Eventually, Janet made the decision to leave Airfoil to join Red Level to help them pursue their “mission to provide IT consulting and services to companies throughout Michigan, predominantly, who are invested in technology and who innovate.” There for two years, as COO, Janet has been having a “great ride.” A characteristic she brings to the company is process orientation, and the discipline to maintain it. “In a way, I am the internal Chief Communications Officer,” she said, citing clearer and more regular results-sharing with the Red Level team as a milestone in architecting an enhanced corporate culture. Overseeing all operations and marketing, she has her fingers on many facets of the company.
Janet’s personal strengths as they have developed over the years, and serve her well in her new role include:
- Strong communications capability
- Process orientation/discipline to enforce processes
- Start-up insight and skills
- Project management capabilities
- Broad future view/vision, born of being an entrepreneur
- Sincere team orientation
Being a woman has not negatively affected Janet. “I have rarely looked at myself as a ‘woman’ leader,” she said. “My lens is not geared to that.” But she admits, at times, to being “a feisty, spirited competitor. If I am competing against a man, I might roll up my sleeves even a little more.” One of her personal weaknesses, along the way, has been Janet’s occasional “negative self-talk, and self-doubt.” Now, she is achieving an even greater level of peaceful, internal balance through mindfulness and meditation. “Today, I have arrived at a place where I have spent a lot of time thinking about that. I have really had to separate thought from reality. I am getting much better at that.”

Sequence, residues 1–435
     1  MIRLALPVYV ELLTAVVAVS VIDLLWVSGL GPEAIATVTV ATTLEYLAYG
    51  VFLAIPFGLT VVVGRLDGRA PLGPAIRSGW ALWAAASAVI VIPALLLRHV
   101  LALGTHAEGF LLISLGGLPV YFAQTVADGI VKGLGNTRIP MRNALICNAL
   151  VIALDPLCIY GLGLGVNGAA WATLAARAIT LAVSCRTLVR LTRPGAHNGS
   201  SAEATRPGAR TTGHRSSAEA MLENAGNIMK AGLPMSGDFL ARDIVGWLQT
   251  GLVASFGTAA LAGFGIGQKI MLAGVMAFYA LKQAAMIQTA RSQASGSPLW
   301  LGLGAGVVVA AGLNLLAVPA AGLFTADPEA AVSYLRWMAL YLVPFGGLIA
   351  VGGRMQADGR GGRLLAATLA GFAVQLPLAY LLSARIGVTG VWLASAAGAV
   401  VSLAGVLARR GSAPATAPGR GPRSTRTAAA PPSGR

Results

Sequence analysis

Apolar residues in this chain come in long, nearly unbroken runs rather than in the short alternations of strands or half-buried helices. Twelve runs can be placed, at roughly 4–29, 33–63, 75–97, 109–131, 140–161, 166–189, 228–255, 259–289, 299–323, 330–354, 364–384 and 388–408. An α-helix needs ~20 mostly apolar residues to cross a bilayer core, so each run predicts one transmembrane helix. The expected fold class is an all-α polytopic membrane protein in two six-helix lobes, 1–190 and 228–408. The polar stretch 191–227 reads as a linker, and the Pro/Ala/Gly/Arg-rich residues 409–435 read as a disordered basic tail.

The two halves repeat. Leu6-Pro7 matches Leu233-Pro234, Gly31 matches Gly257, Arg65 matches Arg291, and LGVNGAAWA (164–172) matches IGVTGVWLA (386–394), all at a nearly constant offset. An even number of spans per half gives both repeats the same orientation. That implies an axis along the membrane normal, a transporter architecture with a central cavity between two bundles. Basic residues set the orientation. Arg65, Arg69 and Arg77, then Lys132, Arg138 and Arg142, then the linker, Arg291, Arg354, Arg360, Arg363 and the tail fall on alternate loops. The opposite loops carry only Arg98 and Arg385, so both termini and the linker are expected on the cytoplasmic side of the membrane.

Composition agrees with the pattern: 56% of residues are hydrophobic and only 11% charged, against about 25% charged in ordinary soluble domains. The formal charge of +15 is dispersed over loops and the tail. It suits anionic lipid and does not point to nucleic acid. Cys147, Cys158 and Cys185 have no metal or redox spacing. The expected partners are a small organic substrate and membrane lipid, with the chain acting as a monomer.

Janet’s top leadership lesson for other women includes the realization of the point where you approach individual burnout. Then, she counsels, one must learn how to train/develop others, build a team and lead it to remain effective in delivering results. “This can be very difficult for people who have a high need for control.” But she recommends it highly. “Let go of that need for perfection. You’ve got to be great a multitasking.” She also recommends that you learn “when to slow down and when to speed up” both in getting things done, and in making decisions.
A crucial issue with which Janet currently grapples is finding the right tools and environment for the Red Level team (many of whom are dynamically moving into more senior roles that involve increased leadership) to stay engaged with customers, continue to do great work, but also effectively manage growing teams of other people, without sacrificing their ability to use their individual, unique talents and skills at the highest level. She would love to hear the thoughts of the Diva Tech Talk audience on this topic.
So, if you have any tips, please feel free to contact JanetTyler at email@example.com or through Twitter at @janet_tyler.